I’ve taken over Downton blogging duties from Biondino, because he’s doing obstetric jokes over on the Call the Midwife blog instead (or at least he will be when it starts).
This series kicks off with people looking glum in a church, but believe it or not, this is for the wedding rehearsal, rather than a funeral. Sybil and Branson are conspicuous by their absence, apparently because they can’t afford it (we’ve all tried that one with things we don’t want to go to, haven’t we?), a rather convenient scenario for Lord Grantham who is still exceptionally miffed about their whole affair, so much so that he refuses to stump up any cash to help them.
This lack of financial assistance has nothing, absolutely nothing you understand, to do with the fact that he has for some reason invested his entire fortune in a dodgy rail scheme which has now gone bust taking all of his money with it.
Naturally he hasn’t bothered telling anyone about this, but when he is forced to, Lady Cora is surprisingly blasé about it for a woman who may shortly find herself relegated to a semi in Pickering, and says that they should just enjoy the last days of Downton (whilst forking out even more money for the wedding, presumably).
Whether this is because she secretly has a plan to turn it into a luxury hotel or a celebrity rehab centre, or whether she’s just been sampling the wedding booze haul, remains to be seen.
So, we’re in a fix here, aren’t we? What we need are some hastily-contrived plot twists to sort things out. It turns out that Sybil and Branson can come to the wedding after all, because someone has slipped them some cash, and it also turns out that the now-dead father of Lavinia, (who Matthew was meant to marry before she snuffed it from Spanish flu), inexplicably named Matthew as the third beneficiary in his will – meaning he may well inherit a shitload of money as the first beneficiary is dead and the second has gone AWOL– convenient huh?
Even though he knows he might not inherit at all, Matthew naturally feels a bit awkward about this, especially as he was in love with Mary while he was engaged to Lavinia.
Mary, though, doesn’t care one bit as she knows this money could replace the fortune her father frittered away on the trains. She later throws a massive wobbly about this on the night before they marry – could the wedding be off? She seems to have overlooked the fact that not marrying Matthew isn’t going to restore the Crawley bank balance either, making it seem all the more superficial, but there you go.
Anyway, the undoubted highlight of this episode is the arrival of a distant (and not unattractive) relative called Larry who it seems once had a thing for Sybil. He decides that it might be fun to spike Branson’s drink. As we know, Branson likes a good old rant about Irish politics over dinner at the best of times, so you can imagine what happens when the two are combined.
Matthew clearly thinks that shouting things about republicanism and bombs might make for quite a good after-dinner speech, so rather than banishing Branson from the house, he bizarrely asks him to be his best man.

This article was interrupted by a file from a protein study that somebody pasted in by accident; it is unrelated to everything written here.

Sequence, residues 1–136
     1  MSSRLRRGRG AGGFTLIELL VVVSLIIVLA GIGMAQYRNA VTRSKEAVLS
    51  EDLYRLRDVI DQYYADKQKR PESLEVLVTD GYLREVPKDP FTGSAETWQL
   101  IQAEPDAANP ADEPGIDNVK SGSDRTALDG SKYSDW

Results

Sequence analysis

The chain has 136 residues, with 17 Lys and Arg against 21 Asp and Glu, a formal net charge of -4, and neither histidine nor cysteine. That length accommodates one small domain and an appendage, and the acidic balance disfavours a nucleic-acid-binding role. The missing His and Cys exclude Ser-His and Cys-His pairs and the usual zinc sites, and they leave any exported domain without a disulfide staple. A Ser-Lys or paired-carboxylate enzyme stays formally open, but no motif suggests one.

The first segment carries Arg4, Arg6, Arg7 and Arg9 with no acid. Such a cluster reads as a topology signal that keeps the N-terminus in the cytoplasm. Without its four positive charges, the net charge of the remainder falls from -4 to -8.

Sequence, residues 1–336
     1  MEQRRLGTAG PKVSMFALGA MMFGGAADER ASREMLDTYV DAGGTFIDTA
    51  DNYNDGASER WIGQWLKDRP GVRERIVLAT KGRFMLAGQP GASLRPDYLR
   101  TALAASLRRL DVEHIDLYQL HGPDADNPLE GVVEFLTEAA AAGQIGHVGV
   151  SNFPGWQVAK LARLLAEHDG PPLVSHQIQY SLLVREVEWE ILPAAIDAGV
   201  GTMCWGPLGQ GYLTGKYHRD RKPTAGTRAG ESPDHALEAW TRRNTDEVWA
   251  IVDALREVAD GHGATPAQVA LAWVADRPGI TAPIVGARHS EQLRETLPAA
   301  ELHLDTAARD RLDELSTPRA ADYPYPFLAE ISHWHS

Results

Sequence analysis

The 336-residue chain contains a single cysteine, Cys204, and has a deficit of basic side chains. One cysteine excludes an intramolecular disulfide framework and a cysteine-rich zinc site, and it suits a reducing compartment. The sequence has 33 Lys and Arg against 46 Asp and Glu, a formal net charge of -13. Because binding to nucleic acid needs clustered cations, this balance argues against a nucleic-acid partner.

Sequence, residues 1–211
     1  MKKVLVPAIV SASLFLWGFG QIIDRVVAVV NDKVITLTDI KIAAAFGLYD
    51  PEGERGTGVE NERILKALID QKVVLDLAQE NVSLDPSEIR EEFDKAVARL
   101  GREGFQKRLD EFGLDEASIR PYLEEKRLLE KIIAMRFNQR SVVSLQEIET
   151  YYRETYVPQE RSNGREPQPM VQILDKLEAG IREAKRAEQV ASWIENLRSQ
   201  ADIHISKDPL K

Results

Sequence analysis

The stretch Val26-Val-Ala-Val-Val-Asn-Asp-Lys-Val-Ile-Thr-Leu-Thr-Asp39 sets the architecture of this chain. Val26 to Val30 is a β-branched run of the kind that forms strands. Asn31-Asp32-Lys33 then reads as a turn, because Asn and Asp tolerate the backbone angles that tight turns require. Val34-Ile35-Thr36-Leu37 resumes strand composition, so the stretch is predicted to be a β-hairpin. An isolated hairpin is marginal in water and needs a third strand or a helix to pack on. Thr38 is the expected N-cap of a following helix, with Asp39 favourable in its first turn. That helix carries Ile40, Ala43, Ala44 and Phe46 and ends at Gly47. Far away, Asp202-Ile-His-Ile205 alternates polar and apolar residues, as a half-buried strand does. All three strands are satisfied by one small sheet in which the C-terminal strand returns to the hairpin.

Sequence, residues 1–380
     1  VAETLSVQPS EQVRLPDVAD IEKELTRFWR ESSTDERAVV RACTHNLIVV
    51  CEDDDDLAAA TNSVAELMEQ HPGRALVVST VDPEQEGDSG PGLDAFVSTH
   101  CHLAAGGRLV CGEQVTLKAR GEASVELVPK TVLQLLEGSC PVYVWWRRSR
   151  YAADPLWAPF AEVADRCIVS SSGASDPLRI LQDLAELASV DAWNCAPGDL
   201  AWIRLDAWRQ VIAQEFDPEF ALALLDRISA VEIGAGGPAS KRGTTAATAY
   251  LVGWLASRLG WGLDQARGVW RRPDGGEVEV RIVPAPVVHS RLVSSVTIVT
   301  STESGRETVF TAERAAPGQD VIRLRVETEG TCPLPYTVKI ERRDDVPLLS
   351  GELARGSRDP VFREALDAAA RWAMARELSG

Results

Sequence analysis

The ‘stag do’ consists of a heart to heart between Branson and Matthew about how Matthew should do as Mary wishes with the possible fortune, because otherwise he’ll lose her. This is about as far from Branson’s usual moral and social compass as imaginable but that doesn’t seem to have stopped the scriptwriters from running with it.
And if you thought Lady Mary was going to spend her last night as an unmarried woman learning to Charleston and being sick out of the side of a hansom cab then you’d be mistaken too. She spends most of it mooning (not that sort of mooning) and crying because of Matthew’s decision about the money. Cue a horrific scene where, after his heart to heart with Branson, he comes to see her and because they’re not allowed to actually see each other on their wedding eve they make up and kiss with their eyes closed (except Mary secretly looks, the tart).
I’m afraid that this scene is only rivalled in its cheesiness by the time they inexplicably burst into song in the last series, which is still a recurring nightmare of mine. The episode ends with the start of the wedding ceremony, which they clearly decided not to save to heighten anticipation for episode two, so it’s a bit of an anti climax. The reception had better be a riot.
It’s hard to decide what to highlight after this rather odd mish-mash of an episode, so I’ll wait ’til next week to resurrect Biondino’s ‘xxxxx of the week’ feature.
Though if this instalment is anything to go by, I’m afraid there’ll be some serious contenders for ‘wistful glance of the week’.
Oh yes, we should really mention ‘them downstairs’. Nothing too dramatic has happened with the servants this week, although there is a clearly a footman rivalry brewing and everyone is miffed about having to kowtow to Branson now he’s no longer just a chauffer but is now Mr Fancypants.
Bates is still imprisoned in his own sub-plot, trying to think up evidence to prove he didn’t do the crime there is no evidence of him committing. We’ve also now got Lady Cora’s mum (Shirley McLaine) staying, who looks set to provide some excellent bitching over the rest of the series.
That’s all for now, but if there’s not at least one Crawley sister wearing spats and a monocle to dinner by the next episode, I’ll refuse to believe it’s the twenties.